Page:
Celiac disease (CD) is an autoimmune disorder that causes gastrointestinal symptoms and damage to the lining of the small intestine upon ingestion of gluten—a protein found in grains such as wheat, barley and rye. The cause is not well understood and there are no available therapeutics. For these reasons, more sophisticated research is paramount for the estimated 1% of people who have CD.
Researchers at the University of Chicago have announced a huge leap forward, through the development of the first truly accurate mouse model of CD. The animals have the same genetic and immune system characteristics as humans who develop CD, and will provide a vital research tool for developing and testing new treatments for the disease.
The work is published in Nature in the study, “IL-15, gluten and HLA-DQ8 drive tissue destruction in coeliac disease.”
“Based on our understanding of the human disease, we were able to retro-engineer a mouse model of celiac disease,” said Bana Jabri, MD, PhD, director of Research at the University of Chicago Medicine Celiac Disease Center and senior author. “It’s the first model where the mouse develops damage to the small intestine just by eating gluten, which can later reverse itself on a gluten-free diet.”
The only effective treatment for CD is to maintain a gluten-free diet, which can be challenging and expensive. Accidental ingestion of gluten through unknown ingredients in processed food, or cross-contamination from foods containing gluten that are prepared nearby or with the same cooking equipment, is a constant concern.
Even while maintaining a strict gluten-free diet, 40% of CD patients still show signs of inflammation and villous atrophy, or damage to the villi, the small, finger-like protrusions in the small intestine that help absorb nutrients. Therefore, treatments that can reverse or prevent the disease are greatly needed to improve quality of life for people with CD.
A complex interplay of contributing factors
Scientists do not know the exact cause of CD, but researchers have identified several genetic, immune system, and environmental components that work together to trigger the disease.
The inflammatory enteropathy, caused by exposure to dietary gluten, occurs in a subset of genetically susceptible individuals who express either the HLA-DQ8 or HLA-DQ2 haplotype. However, possessing one these variants is not sufficient to develop the disease alone.
Based on studies in CD patients, Jabri and her colleagues have proposed that signs of tissue distress associated with high levels of an inflammatory protein called IL-15 in the lining of the small intestine were required to cause villous atrophy, the hallmark of the disease.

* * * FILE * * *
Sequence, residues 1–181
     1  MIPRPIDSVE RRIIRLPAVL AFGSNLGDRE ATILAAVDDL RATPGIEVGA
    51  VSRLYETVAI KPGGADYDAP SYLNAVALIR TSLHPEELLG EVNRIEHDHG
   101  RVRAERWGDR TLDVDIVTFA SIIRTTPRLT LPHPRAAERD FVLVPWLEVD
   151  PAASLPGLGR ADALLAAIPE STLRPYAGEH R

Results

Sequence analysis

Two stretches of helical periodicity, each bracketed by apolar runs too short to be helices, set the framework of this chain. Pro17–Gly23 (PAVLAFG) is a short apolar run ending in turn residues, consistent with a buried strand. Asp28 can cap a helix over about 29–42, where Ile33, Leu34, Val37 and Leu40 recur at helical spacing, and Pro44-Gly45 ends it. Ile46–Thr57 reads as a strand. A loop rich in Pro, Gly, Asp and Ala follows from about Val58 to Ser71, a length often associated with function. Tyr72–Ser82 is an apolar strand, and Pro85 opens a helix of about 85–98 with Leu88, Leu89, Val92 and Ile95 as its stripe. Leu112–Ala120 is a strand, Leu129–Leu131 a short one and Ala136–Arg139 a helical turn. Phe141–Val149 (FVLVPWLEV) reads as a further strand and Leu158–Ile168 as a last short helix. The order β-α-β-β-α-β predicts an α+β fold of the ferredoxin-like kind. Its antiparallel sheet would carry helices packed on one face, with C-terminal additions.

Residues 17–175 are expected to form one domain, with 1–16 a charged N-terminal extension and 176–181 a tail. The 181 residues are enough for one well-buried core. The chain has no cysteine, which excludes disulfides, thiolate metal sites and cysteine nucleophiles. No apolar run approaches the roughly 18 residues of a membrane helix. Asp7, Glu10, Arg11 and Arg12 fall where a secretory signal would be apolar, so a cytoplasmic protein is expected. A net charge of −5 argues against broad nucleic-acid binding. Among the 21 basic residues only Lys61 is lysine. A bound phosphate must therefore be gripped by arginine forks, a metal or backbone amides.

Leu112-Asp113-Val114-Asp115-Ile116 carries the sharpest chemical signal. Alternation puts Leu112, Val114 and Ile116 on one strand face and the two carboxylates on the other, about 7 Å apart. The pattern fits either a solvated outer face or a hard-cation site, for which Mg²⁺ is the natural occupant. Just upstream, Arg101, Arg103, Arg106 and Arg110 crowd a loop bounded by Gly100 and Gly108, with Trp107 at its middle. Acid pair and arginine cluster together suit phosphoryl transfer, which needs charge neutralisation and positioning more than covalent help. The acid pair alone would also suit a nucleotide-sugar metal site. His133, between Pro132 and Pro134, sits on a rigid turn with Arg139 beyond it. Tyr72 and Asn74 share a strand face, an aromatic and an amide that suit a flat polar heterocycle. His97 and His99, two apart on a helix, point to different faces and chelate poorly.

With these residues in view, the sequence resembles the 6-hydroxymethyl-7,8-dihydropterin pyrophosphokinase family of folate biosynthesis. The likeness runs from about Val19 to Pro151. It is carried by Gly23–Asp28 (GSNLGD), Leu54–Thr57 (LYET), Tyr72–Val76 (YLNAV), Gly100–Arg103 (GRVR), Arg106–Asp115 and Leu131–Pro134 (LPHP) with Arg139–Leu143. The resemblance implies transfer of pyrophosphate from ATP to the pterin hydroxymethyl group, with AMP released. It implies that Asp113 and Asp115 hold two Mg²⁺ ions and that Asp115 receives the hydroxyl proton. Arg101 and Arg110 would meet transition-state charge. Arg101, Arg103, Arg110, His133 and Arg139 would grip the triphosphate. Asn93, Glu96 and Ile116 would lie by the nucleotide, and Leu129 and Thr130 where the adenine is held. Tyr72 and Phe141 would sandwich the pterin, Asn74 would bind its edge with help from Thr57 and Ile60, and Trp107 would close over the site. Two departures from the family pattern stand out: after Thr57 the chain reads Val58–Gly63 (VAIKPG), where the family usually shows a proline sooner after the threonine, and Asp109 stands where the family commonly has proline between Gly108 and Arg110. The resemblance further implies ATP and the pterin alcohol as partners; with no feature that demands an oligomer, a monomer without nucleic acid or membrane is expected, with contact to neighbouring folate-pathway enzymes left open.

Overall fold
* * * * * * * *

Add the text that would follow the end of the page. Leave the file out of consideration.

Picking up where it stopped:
In the paper, the team describes a mouse model that “reproduces the overexpression of interleukin-15 (IL-15) in the gut epithelium and lamina propria that is characteristic of active coeliac disease, expresses the predisposing HLA-DQ8 molecule, and develops villous atrophy after ingestion of gluten.”
Certain environmental factors may come into play as well. In 2017, for example, Jabri and her team discovered that a common virus can cause changes to the immune system that set the stage for CD. All of these factors work together to trigger an autoimmune response when someone ingests gluten that causes villous atrophy.
For more than 20 years, researchers have attempted to develop a mouse model for CD that reflects these conditions. However, none of these models resulted in mice with one of the HLA gene variants that also developed villous atrophy in response to gluten.
“In celiac, the main feature of disease is tissue destruction of the small intestinal lining,” said Valérie Abadie, PhD, a research assistant professor at UChicago and lead author of the study. “This new HLA-DQ8 mouse model is unique because it’s the only one that actually develops villous atrophy when the animal does eat gluten. In addition, once the mice are placed on a gluten-free diet, their small intestine can recover and heal, just as in humans with celiac disease.”
Jabri said that all of these elements must be present in a research model to truly represent the conditions that cause disease in humans. “It’s like a puzzle where different pieces need to come together for everything to fall into place,” Jabri said. “If you have a model where only one piece of the puzzle causes the disease because it’s in a laboratory setting, then you cannot test how to block or interfere with the other components. You need to have a setup where you have the entire complex interplay that takes place for the development of celiac disease.”
The new mouse model provides a vital tool for developing new treatments to reverse CD once it has developed or prevent it from developing in people at risk for the disease. Researchers will be able to identify new targets for drugs and then test them in a model that faithfully represents the condition in humans.
“This wouldn’t be possible without first conducting human studies to understand the nature of the disease,” Jabri said. “Now, using the mouse model, we can interrogate more and apply what we learned back into the human system. The integration of those two approaches is very important.”